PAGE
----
sábado, 6 de julho de 2013

The Malignant Look by Franz Kafka: The Spirit of 1914

2 August. 1914 Germany has declared war on Russia-Swimming in the afternoon.

6 August. 1914 The artillery that marched across the Graben. Flowers, shouts of hurrah! and nazdar! The rigidly silent, astonished, attentive black face with black eyes.

I am more broken down than recovered. An empty vessel, still intact yet already in the dust among the broken fragments; or already in fragments yet still ranged among those that are intact. Full of lies, hate, and envy. Full of incompetence, stupidity, thickheadedness. Full of laziness, weakness, and helplessness. Thirty-one years old. I saw the two agriculturists in Ottla's picture. Young, fresh people possessed of some knowledge and strong enough to put it to use among people who in the nature of things resist their efforts somewhat. One of them leading beautiful horses; the other lies in the grass, the tip of his tongue playing between his lips in his otherwise unmoving and absolutely trustworthy face.

I discover in myself nothing but pettiness, indecision, envy, and hatred against those who are fighting and whom I passionately wish everything evil.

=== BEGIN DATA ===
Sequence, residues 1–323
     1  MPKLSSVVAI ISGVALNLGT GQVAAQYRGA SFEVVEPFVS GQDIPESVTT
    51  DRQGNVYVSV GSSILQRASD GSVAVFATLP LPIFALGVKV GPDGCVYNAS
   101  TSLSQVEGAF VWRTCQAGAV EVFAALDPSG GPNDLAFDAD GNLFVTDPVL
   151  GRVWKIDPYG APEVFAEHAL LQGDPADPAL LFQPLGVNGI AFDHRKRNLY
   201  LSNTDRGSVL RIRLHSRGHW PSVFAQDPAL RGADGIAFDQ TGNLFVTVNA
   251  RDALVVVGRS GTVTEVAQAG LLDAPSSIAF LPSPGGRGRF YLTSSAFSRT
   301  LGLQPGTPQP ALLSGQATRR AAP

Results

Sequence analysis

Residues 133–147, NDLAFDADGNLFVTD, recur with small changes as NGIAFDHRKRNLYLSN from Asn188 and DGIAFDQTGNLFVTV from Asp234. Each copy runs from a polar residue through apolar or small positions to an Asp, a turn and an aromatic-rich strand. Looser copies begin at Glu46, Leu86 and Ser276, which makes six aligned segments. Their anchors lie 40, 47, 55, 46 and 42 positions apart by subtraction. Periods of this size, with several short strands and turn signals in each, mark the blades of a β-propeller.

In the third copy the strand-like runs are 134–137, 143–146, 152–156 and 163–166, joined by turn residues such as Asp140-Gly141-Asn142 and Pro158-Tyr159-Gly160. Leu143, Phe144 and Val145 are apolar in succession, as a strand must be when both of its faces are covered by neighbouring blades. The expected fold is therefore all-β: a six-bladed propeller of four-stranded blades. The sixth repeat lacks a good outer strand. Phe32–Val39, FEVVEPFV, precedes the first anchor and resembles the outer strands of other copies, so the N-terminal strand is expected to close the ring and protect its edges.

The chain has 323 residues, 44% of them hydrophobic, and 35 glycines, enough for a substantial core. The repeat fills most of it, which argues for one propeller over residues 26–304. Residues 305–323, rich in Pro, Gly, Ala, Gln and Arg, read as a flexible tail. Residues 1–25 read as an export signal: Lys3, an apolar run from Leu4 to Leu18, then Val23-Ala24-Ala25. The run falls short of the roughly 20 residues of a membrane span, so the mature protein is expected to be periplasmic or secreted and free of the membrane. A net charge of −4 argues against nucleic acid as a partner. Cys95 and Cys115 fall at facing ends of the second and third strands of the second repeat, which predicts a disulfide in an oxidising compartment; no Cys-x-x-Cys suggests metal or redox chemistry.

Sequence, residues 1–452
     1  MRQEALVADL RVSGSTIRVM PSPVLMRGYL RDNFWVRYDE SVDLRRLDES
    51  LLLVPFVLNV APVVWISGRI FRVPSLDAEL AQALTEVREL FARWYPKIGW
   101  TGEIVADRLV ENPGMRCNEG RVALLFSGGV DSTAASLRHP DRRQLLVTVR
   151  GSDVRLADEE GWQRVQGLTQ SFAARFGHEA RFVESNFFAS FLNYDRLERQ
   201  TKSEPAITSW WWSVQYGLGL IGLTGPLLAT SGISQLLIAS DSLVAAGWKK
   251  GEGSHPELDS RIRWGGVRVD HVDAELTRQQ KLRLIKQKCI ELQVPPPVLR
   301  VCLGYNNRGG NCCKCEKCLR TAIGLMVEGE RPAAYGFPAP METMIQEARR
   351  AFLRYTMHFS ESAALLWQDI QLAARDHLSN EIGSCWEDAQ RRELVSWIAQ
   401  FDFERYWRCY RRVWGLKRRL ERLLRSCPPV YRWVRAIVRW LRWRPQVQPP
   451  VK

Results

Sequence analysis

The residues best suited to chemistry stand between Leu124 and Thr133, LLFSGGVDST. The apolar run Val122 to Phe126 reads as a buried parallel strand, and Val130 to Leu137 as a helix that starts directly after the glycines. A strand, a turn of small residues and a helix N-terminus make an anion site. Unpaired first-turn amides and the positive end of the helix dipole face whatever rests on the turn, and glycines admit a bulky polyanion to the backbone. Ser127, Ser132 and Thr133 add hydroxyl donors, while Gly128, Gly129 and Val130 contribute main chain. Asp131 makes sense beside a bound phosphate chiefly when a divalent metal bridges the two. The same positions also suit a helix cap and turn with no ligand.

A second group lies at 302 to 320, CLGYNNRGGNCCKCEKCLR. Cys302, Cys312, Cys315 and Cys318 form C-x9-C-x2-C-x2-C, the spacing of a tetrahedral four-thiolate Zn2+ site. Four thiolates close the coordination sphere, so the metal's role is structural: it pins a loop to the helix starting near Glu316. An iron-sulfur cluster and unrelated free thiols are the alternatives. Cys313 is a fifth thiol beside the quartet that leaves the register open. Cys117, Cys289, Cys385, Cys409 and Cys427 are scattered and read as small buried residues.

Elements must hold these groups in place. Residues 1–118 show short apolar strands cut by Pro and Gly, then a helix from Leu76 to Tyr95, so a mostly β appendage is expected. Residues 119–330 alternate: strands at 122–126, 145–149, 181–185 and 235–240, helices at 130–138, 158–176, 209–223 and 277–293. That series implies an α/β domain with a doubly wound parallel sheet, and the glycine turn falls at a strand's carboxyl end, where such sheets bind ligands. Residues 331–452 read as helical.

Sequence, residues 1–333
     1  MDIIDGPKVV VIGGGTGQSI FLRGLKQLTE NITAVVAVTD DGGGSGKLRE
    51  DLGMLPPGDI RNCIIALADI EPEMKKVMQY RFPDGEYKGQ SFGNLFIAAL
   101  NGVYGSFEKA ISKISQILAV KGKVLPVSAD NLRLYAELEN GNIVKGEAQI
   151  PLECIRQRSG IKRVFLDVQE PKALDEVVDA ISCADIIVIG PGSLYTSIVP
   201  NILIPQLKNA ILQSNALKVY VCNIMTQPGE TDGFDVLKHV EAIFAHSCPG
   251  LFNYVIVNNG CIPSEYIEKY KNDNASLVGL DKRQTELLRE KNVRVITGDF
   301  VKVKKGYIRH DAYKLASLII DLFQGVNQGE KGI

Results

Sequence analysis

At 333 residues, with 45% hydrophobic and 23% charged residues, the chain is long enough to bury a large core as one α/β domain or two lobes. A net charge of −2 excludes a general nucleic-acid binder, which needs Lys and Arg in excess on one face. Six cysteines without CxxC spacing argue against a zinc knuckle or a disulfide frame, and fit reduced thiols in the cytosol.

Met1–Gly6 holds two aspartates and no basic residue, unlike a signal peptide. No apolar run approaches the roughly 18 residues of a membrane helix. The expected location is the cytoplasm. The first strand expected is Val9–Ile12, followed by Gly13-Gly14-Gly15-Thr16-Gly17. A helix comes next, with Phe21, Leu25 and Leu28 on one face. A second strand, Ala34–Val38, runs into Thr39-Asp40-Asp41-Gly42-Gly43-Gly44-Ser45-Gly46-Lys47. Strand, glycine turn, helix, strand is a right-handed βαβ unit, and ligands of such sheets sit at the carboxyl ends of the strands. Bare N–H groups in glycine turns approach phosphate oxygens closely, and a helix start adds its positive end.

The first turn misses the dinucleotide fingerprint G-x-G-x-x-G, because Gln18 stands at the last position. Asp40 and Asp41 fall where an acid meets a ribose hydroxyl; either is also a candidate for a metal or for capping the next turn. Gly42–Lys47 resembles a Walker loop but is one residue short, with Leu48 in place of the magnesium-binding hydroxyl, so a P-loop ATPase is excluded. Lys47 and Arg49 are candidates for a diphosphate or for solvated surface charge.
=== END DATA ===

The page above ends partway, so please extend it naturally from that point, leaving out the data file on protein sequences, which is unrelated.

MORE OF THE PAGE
What will be my fate as a writer is very simple. My talent for portraying my dreamlike inner life has thrust all other matters into the background; my life has dwindled dreadfully, nor will it cease to dwindle. Nothing else will ever satisfy me. But the strength I can muster for that portrayal is not to be counted upon: perhaps it has already vanished forever, perhaps it will come back to me again, although the circumstances of my life don't favor its return.

Thus I waver, continually fly to the summit of the mountain, but then fall back in a moment. Others waver too, but in lower regions, with greater strength; if they are in danger of falling, they are caught up by the kinsman who walks beside them for that very purpose. But I waver on the heights; it is not death, alas, but the eternal torments of dying.

Patriotic parade. Speech by the mayor. Disappears, then reappears, and a shout in German: "Long live our beloved monarch, hurrah!" I stand there with my malignant look. These parades are one of the most disgusting accompaniments of the war. Originated by Jewish businessmen who are German one day, Czech the next; admit this to themselves, it is true, but were never permitted to shout it out as loudly as they do now. Naturally they carry many others along with them. It was well organized. It is supposed to be repeated every evening, twice tomorrow and Sunday.

In: Franz Kafka Diaries 1914

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